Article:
China’s gas supply deficit continues to rise. It is being propelled by booming demand and slowing domestic gas production increases (the deficit was 45% of demand as of June 2014). Now looming on the horizon: a future of much greater Chinese gas import volumes. Pipelines from Central Asia, Myanmar, and perhaps Russia, as well as LNG terminals, will bring gas supplies into the Middle Kingdom. Once the gas enters China, internal trunk pipelines represent the primary mode of moving molecules to market. Thus far, China’s trunk gas pipelines clearly flow to the parts of the country with the most intense nighttime light emissions. After all, light emissions are a strong proxy for aggregate economic activity and energy consumption (Exhibit 1).

Exhibit 1: China Trunk Gas Pipelines* vs. Nighttime Light Emissions

*Data from May 2013. Additional construction has occurred since, but this dataset gives an accurate macro overview of areas served by large, trunk gas pipelines in China.

China Gas Lights Map_2013 light vintage

Source: Harvard Center for Geographic Analysis, NASA, China SignPost™

One key takeaway from Exhibit 1 is that there are densely populated areas of North and Central China with increasingly intense economic activity and energy consumption, yet they are either completely unserved or partially underserved by gas pipelines. For gas use to really take off in these areas—as must happen for China to meet its new pledge to make natural gas 10% of total energy supply by 2020—high-volume gas supply infrastructure must be built.

The bottom line: future gas trunk pipeline construction in China is likely to mirror the country’s rail corridors. China’s existing trunk gas network already closely correlates location-wise with the country’s primary rail lines. This trend will likely continue. The reasons for the close relationship are straightforward: (1) both railways and pipelines link demand and supply centers for the resource/service being provided, (2) rail and gas supply services both typically prioritize locations with the highest economic activity, and (3) railway and pipeline builders tend to favor the most topographically sensible (flattest) path between locations to minimize cost and construction time (Exhibit 2).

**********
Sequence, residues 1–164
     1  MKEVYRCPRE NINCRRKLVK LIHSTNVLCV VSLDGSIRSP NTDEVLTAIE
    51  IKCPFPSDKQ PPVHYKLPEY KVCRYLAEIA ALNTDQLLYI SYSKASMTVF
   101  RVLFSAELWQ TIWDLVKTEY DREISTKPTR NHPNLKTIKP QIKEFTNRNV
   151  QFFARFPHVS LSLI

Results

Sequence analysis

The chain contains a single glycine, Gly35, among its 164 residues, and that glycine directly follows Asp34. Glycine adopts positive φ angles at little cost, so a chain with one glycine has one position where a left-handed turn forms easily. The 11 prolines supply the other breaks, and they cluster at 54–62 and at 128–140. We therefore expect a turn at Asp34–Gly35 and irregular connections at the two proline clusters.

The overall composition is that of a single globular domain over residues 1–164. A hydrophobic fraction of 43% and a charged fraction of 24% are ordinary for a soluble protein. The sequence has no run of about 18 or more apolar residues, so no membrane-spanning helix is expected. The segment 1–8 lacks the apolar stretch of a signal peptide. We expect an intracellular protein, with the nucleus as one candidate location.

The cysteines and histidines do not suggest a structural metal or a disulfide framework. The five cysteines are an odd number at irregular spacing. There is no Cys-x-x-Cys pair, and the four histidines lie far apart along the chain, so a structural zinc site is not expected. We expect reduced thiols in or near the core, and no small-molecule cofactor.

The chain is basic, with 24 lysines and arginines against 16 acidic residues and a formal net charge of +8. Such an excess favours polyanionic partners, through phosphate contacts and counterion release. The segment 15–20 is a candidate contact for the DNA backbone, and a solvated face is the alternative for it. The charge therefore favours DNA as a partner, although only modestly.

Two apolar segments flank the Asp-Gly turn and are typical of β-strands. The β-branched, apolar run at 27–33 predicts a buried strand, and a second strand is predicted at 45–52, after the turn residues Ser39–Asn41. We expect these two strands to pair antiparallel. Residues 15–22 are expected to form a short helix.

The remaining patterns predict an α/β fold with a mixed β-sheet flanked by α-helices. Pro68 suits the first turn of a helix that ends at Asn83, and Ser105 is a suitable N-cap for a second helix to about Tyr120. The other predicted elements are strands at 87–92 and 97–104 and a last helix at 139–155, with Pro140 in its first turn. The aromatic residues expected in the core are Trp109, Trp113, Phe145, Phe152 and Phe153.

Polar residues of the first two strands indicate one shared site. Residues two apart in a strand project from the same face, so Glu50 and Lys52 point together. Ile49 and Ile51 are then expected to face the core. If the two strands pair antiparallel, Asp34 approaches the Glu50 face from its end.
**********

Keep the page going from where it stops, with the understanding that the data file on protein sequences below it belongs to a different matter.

Exhibit 2: China Railroad Network Paths Show Where Future Gas Pipelines Will Likely Go

 China lights and rail map_22 November 2014

Source: Harvard Center for Geographic Analysis, NASA, China SignPost™

The Way Forward

Using rail lines as a proxy for future gas supply corridors strongly suggests that many parts of the North China Plain and Central China, in particular, remain significantly under-serviced. These locations, along with Guangdong Province, will be key areas of natural gas trunk pipeline construction activity over the next decade as China moves to clean up urban air by boosting natural gas consumption. Large areas of Qinghai and Tibet, by contrast, will likely remain peripheral in terms of geography, economics, and gas grid infrastructure.

While radically improving Chinese air quality will be difficult, projecting China’s overall gas pipeline buildout is not: existing lights and railroads will point much of the way.

Exhibit 3:  China Trunk Gas Pipelines (2013) and Main Railways, Overlaid

China gas pipes vs railroads map

Source: Harvard Center for Geographic Analysis, NASA, China SignPost™